Geared up for techno takeover

It's like filling in a tax form. You contemplate devising an ICT framework for your school, and that tightening of the stomach starts. You know the job has to be done, you want to make sure you get the details right but you are frightened of making mistakes. Never fear: help is at hand from Pat McCarthy.

For the past year, Mr McCarthy has been seconded from his job as head of Eaglesfield school, a 1,000-pupil boys' comprehensive in Greenwich, south London, to work with British Telecom investigating the best practice for installing information and communications technology in schools.

The last time Whitehall poured money into schools to help them embrace the age of new technology, it was the mid-Eighties, Kenneth Baker was in charge and the aim was to get a computer into every school. Some of them, it is claimed, are still in their boxes.

Mr McCarthy has been asked to ensure that this time - with the commitment that by 2002 every school is on the Internet and every teacher is trained to use the equipment - things will be different.

It has been a comprehensive review. In eight weeks, Mr McCarthy and a team of four other teachers around the country - all paid for by BT - visited more than 300 schools where they knew good computer systems had been installed: they wanted to discover exactly what mistakes those schools had made, what they had done right and what advice they might have for those following in their footsteps.

By next April, each school that wants to benefit from the #163;220 million earmarked for training staff in computer matters will have to produce an ICT policy if it is to get any money at all. This money is yours by right, but it is conditional on you working out how your school is going to integrate technology into its teaching.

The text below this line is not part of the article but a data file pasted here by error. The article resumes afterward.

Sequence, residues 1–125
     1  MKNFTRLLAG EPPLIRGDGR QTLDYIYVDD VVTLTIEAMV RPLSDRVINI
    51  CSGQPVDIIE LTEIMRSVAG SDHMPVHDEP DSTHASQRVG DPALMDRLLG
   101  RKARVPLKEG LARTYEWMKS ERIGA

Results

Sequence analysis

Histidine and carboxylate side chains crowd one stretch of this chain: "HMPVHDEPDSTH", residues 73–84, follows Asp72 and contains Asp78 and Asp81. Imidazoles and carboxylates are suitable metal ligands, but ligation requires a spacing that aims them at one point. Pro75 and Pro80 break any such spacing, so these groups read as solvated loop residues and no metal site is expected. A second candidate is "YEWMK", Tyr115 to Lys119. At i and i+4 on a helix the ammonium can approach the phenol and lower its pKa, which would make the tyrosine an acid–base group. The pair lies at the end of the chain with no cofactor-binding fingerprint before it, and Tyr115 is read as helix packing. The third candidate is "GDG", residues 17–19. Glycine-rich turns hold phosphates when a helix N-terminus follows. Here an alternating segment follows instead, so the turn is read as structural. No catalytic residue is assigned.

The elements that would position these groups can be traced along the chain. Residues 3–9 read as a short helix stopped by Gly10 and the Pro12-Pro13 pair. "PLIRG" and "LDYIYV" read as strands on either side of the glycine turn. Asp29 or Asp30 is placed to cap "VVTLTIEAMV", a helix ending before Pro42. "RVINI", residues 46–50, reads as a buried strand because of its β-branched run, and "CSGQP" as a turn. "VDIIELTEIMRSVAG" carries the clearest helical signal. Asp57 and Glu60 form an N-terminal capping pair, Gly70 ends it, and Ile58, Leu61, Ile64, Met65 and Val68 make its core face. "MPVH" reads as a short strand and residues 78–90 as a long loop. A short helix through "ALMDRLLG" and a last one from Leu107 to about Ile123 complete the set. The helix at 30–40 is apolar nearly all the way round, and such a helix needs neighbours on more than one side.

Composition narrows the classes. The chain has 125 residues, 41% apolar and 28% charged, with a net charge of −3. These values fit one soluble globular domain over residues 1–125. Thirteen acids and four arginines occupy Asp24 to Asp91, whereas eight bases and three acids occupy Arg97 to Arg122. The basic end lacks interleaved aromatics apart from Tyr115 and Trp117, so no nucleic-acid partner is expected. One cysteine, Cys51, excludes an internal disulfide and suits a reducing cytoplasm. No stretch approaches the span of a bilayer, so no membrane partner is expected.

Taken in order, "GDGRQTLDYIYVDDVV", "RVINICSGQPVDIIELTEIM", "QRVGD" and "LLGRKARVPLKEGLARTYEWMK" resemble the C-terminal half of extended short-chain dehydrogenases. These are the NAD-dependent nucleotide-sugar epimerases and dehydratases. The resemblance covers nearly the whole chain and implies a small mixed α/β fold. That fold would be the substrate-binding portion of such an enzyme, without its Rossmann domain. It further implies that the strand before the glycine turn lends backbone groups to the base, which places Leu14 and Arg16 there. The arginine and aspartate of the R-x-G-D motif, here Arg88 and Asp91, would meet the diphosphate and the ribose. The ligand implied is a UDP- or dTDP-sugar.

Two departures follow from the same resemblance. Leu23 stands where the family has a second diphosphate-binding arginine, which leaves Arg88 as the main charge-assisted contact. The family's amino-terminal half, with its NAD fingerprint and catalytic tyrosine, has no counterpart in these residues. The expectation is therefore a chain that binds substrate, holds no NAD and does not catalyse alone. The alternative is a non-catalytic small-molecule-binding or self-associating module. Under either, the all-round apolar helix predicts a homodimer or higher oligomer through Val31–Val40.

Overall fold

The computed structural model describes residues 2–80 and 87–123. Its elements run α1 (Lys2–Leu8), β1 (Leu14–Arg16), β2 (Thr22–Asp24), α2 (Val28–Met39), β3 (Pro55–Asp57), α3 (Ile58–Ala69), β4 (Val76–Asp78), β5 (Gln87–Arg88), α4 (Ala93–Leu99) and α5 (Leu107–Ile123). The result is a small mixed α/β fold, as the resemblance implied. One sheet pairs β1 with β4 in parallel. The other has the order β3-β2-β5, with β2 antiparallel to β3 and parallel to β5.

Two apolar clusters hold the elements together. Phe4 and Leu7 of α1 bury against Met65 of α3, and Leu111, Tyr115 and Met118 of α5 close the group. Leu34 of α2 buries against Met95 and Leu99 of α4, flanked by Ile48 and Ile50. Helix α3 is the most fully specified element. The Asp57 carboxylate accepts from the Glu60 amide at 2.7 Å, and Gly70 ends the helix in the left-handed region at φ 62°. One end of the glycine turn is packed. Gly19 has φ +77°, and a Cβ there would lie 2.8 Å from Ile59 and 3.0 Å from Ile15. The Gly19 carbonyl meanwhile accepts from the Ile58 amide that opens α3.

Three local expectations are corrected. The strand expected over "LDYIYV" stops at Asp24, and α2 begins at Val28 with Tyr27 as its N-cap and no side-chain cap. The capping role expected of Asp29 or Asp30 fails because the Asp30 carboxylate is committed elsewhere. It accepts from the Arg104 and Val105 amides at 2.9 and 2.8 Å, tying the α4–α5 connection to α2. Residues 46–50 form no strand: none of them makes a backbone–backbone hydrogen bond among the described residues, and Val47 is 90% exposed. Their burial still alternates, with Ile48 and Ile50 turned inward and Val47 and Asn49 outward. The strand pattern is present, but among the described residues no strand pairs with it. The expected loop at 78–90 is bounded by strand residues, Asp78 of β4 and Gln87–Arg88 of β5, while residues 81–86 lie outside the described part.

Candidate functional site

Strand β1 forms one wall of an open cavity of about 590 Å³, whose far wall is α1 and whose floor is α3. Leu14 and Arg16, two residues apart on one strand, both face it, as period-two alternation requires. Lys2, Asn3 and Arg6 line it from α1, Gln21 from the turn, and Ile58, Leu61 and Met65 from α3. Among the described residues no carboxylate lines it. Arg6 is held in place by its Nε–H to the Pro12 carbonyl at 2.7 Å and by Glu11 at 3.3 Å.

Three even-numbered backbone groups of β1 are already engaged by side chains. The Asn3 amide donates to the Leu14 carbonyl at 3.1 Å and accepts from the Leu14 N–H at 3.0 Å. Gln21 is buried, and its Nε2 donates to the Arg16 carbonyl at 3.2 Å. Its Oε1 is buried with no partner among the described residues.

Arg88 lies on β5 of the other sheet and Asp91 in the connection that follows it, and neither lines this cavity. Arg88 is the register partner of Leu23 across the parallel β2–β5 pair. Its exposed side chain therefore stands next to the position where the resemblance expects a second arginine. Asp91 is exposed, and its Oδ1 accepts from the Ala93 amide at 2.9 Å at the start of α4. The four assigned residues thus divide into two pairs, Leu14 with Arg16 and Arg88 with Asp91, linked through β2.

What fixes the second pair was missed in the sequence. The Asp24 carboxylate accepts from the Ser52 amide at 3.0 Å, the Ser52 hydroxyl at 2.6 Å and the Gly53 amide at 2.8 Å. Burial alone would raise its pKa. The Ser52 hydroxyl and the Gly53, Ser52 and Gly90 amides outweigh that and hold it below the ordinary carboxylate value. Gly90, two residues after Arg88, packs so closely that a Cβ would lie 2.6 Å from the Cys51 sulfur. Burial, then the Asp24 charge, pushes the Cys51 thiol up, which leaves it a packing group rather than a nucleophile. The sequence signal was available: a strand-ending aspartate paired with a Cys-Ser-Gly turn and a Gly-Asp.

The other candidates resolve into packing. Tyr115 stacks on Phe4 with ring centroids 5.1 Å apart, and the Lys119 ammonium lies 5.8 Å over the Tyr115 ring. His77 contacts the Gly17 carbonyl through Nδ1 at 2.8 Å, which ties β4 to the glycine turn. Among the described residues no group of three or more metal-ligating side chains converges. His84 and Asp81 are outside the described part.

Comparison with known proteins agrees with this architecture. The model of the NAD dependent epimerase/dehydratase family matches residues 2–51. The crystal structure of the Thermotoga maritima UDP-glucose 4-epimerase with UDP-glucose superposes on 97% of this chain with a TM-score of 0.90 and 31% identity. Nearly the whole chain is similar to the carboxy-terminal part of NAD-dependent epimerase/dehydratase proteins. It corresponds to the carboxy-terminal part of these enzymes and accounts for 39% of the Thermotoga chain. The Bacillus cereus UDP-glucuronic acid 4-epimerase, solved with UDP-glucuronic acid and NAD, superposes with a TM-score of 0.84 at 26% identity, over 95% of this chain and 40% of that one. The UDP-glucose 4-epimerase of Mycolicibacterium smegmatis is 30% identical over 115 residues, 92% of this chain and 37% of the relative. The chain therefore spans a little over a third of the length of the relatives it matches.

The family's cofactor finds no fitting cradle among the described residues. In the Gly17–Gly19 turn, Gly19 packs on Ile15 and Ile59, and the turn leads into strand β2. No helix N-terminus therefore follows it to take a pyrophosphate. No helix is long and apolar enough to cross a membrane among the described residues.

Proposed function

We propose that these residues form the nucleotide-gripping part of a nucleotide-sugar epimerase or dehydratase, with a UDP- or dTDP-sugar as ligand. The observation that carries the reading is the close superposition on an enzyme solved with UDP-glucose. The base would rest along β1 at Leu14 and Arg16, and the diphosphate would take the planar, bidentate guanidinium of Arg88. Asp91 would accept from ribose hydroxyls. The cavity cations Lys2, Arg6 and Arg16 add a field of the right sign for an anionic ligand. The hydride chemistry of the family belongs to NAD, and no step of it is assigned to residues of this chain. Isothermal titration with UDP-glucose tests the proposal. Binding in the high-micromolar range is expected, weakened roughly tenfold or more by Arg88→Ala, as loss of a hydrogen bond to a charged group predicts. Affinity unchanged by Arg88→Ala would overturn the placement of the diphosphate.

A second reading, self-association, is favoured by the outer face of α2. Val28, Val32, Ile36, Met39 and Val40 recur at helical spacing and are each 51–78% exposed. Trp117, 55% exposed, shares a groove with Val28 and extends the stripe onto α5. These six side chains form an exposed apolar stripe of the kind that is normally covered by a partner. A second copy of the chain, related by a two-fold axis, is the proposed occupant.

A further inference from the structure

There's #163;500 per teacher available for training but Mr McCarthy believes that schools need to think carefully about how they spend that money.

Primary schools, he suggests, would be better advised paying for two teachers to be fully trained (up to #163;2,000 each) rather than dividing the money among the whole staff. The trained staff could then show everyone else what they have learned.

"There is going to be some cultural resistance to the innovation of technology," says Mr McCarthy, "but we need to use the enthusiasm of the minority to carry the rest."

But where do you find good training? Mr McCarthy thinks you should ask your local authority adviser to steer you towards the better firms. You might also ask advice from the National Association of Head Teachers or the Secondary Heads Association.

It is in primary schools that he is most anxious to get the message across: because of their size they often lack the resources (personnel and money) to cope. But from this term, they must tackle the ICT requirement of key stages 1 and 2 of the curriculum (as if they won't be busy enough taking on the literacy and numeracy strategies).

He believes that primaries, like all schools, need to see ICT as a tool to support learning. The technology should underpin the rest of the curriculum and not be an end in itself. So he draws a distinction between generic training and subject-specific training.

He is not sure that tax breaks to allow teachers to buy hardware can be justified. But they need to get their hands on machines to learn the basics somehow. Borrowing machines from the established companies is one idea worth exploring, he says.


The average primary school can equip itself for #163;20,000.

* Primary schools should think seriously about creating a suite of rooms with 13 or 14 machines so that classes can work on projects together.

* Training money could be better spent by concentrating it on two teachers to make them specialists so they can then train the rest of the staff.

Pat McCarthy's report will be published by BT in November

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